The Eyes Have It
You’re excited to see an old friend in the grocery store, but how do you show it when your big, beautiful smile is covered and hugs are a no-no? The face is the window to our expressions, and mouths can have dialogue without any words. A frown, a smirk, a smile, pursed lips all tell a powerful story before any words are spoken. However, our faces have another center for expression—the eyes. So, while we are all masked up, we might as well lean on our eyes and allow them to speak up and speak out.
For tips on talking with your eyes, we turned to experts in beauty, Iris Hopgood and Amanda Kicklighter. Read on to learn how to select the right mask, escape the blank stare and implement “the smeyes”—(smiling with your eyes)…or if need be, a good eye roll:
Every creative female has her secrets. Don’t you?
Some of mine are darker and scarier than you’d ever guess.
But achieving the still juicy tomato age of 67 this September made me realize: Why keep all my creative secrets locked inside my Pandora’s Box? So ladies. Open your favorite box of chocolates and read on.
THE CREATIVE TEEN
“Sharon is exceptionally creative,” my high school guidance counselor ethused. “Aren’t you so proud of her many accomplishments?”
“She’s lead Soprano in choir,” my mother beamed. “And VP of Yearbook Staff and Photo Club. You have mostly straight A’s, don’t yah hon?”
Resetting Your Wellness Lifestyle
"You're too young to be this out of shape," my friend Diana’s doctor told her.
Diana had a gym in her building, and a husband who would cover
for the kids, and she certainly had the clothes.
Diana set her alarm for 6 a.m. every morning for the first week. She crept out of bed and was on the treadmill by 6:10. Thirty minutes of walking (and checking her mail), followed by a few stretches and some weights, and by 7 a.m., she was back in her apartment, showering for work, fighting off the urge to drink a Diet Pepsi for breakfast.
By the middle of Week Two, Diana was shutting off the alarm and snuggling up with the children's father. No more early morning workouts, and her promises to hit the gym after work withered and died as well. Yesterday, she told me she's given up and feels like a failure.
Cool art vibes saturate the air in every form and medium in the Lowcountry, one of the most beautiful natural canvases on earth. With all the surrounding beauty, it’s no wonder the Lowcountry is teeming with creative, talented artists. Some do it for fun. Some do it for a living. All do it to nourish their organic need to create.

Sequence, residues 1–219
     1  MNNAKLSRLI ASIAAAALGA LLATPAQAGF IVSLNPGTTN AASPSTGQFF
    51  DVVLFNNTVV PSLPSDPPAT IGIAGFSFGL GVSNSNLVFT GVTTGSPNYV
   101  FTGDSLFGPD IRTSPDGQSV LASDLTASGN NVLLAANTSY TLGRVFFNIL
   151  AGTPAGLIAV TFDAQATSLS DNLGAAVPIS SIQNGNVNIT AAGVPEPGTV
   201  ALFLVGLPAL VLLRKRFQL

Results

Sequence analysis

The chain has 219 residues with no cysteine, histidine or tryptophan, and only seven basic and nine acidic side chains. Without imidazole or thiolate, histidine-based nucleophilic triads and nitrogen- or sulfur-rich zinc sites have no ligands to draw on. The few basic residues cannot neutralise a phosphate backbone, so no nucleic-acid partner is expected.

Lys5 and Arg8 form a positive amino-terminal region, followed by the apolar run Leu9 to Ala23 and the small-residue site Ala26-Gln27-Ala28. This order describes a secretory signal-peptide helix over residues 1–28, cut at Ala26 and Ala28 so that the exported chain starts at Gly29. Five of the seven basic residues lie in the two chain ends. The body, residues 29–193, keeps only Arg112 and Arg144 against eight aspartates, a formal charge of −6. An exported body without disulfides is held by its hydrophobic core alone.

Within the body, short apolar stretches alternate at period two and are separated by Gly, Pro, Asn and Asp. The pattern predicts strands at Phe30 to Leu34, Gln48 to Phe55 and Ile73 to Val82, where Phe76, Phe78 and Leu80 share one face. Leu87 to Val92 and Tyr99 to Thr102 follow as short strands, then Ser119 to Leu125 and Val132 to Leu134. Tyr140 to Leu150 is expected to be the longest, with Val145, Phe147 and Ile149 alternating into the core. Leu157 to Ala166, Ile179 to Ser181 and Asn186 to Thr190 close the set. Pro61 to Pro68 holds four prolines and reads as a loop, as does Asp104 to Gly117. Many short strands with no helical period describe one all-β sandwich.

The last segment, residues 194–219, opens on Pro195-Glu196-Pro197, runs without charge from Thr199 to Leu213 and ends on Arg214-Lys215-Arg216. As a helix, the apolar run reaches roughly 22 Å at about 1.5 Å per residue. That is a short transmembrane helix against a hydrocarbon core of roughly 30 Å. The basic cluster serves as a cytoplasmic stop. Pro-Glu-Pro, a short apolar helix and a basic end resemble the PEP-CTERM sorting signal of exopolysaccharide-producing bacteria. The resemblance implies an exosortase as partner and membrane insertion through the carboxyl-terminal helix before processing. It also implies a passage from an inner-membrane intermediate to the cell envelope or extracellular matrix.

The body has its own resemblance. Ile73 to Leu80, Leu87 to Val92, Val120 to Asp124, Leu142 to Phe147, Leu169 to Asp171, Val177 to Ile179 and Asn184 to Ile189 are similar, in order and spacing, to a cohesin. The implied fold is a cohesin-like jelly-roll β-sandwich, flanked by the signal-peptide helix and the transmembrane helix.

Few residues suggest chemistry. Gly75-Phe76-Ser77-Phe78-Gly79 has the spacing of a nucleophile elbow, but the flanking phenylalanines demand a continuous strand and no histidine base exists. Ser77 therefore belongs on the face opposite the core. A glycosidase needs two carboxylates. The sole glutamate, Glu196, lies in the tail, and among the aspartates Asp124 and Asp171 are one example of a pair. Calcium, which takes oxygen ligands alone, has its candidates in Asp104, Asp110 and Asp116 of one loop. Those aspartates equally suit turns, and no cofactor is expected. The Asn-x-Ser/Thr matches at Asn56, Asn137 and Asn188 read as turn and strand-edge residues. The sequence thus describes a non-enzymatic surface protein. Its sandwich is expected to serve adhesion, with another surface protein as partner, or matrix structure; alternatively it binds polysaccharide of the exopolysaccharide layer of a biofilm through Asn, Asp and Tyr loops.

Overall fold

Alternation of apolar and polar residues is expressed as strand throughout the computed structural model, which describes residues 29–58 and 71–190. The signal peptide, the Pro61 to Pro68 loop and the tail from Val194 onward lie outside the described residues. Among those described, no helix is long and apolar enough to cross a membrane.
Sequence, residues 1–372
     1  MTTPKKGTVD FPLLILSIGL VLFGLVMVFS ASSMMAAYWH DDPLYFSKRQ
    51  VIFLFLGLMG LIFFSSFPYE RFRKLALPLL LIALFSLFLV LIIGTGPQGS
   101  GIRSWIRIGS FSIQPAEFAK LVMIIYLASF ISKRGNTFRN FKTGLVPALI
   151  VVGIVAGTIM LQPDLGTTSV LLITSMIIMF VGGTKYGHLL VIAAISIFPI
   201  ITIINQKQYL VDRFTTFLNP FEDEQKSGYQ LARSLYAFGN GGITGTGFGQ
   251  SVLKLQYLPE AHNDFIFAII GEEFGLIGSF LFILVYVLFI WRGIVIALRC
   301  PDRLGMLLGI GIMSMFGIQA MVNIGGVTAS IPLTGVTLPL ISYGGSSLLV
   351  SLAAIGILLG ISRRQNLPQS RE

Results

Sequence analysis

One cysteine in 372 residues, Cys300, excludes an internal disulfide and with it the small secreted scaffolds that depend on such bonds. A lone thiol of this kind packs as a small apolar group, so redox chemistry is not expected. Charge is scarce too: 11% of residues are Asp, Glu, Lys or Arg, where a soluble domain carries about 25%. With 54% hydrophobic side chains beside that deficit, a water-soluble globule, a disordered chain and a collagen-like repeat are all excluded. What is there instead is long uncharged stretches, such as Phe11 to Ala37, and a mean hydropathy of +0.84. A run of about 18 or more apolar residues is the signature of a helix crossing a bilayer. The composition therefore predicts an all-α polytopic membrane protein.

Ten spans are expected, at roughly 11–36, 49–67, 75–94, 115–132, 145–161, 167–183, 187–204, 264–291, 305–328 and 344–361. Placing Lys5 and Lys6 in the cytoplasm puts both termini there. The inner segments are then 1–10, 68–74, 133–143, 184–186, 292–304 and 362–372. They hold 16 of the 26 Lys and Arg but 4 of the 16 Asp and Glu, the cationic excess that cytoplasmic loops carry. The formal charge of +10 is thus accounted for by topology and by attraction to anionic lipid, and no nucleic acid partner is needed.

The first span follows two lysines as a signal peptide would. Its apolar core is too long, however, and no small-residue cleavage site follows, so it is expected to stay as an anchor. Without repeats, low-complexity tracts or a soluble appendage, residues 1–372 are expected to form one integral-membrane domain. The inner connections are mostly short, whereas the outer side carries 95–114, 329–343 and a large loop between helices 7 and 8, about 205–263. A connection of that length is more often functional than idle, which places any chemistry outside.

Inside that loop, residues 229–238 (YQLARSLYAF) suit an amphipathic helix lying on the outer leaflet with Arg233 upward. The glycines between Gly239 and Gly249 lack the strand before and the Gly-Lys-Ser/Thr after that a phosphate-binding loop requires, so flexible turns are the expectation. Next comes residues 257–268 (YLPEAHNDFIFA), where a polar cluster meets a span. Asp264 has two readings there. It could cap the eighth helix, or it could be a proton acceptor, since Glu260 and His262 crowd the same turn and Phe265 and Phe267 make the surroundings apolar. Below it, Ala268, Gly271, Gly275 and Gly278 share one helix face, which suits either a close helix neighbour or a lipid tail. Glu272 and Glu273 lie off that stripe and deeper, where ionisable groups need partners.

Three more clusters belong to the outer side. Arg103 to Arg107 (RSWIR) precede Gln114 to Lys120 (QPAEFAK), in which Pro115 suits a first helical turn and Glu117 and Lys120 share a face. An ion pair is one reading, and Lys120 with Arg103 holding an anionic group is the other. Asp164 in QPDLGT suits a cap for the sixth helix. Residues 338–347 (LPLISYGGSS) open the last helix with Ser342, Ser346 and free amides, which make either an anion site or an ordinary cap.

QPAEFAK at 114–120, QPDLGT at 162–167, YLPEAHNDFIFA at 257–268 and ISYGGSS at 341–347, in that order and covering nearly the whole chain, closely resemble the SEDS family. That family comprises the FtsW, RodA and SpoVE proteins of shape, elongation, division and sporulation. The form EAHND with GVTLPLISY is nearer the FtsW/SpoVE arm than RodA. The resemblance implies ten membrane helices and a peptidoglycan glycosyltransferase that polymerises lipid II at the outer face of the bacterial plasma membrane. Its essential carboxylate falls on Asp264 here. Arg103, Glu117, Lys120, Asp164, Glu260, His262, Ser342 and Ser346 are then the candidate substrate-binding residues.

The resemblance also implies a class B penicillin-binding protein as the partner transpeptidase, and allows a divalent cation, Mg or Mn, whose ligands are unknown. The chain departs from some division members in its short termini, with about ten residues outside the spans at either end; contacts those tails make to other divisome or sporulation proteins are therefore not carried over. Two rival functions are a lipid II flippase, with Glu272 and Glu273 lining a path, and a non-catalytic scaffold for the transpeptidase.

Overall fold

Welcome to our first edition of Lowcountry Originals, where you will meet eight dynamic artisans, all filled will creative energy and verve for their work. They have allowed us a peek into their creative worlds, revealed their fears and doubts, told us what inspires them and given us insight into their processes.
Strategies to Help You Cope and Stay Calm
Dear Readers: Even in the best of times, money concerns can cause a lot of stress.
But according to a recent survey by the National Foundation for Financial Education, nearly 9 in 10 Americans say that COVID-19 is making money a primary cause of anxiety. Add to that the need to juggle working from home, child care, home schooling and health concerns and people are being stretched to the limit.
Understandably, people are worried about their financial future. Equally understandably, they often don’t feel like they have the energy to deal with it. But as overwhelming as it can seem, there are strategies to help you cope and stay calm. As I wrote recently, you may have to think differently to get through these times, but there are ways to do it. And it starts with awareness.
Your Brain Will Thank You
Do you enjoy challenging yourself physically? Have you been more motivated to exercise and boost your health during these uncertain times? Do you want to feel good about helping a local non-profit organization that has supported our community for over 23 years? If you answered yes to any of these questions, we have the challenge for you! Memory Matters is hosting its first ever virtual “Triathlon Challenge.” You may ask yourself, what does that mean, or how does one participate in a virtual challenge.
The best part about our first ever virtual Triathlon Challenge, on Saturday, September 12, from 9 a.m. to noon, is you can participate in the fitness activities wherever you feel most comfortable! This allows all participants to remain physically distanced, while being a part of something much greater! Your participation will help us to reach our goal of raising $24,700, which represents the 24/7 job of being a caregiver.
with 10 Local Women
August 26, 1920 marks one of the most important, life-changing moments for women in the United States: it’s the day the 19th Amendment was adopted into the Constitution. With this amendment, females acquired the right to vote—the ability to have a say in how the country runs and evolves in the years to come. And since that day in 1920, women have been tirelessly unlocking and leaning into their potential to be more than just nurturing, subdued figures in society. That day, one hundred years ago, gave women the much-needed momentum for dissolving the socially conditioned view that they could never be equal to their male counterparts, nor have a place in politics.
Oh, how things have changed since then!
In celebration of this 100th anniversary of the 19th Amendment, we had the pleasure and honor of learning about the gratitude, thoughts, wishes and actions of 10 outstanding female voters.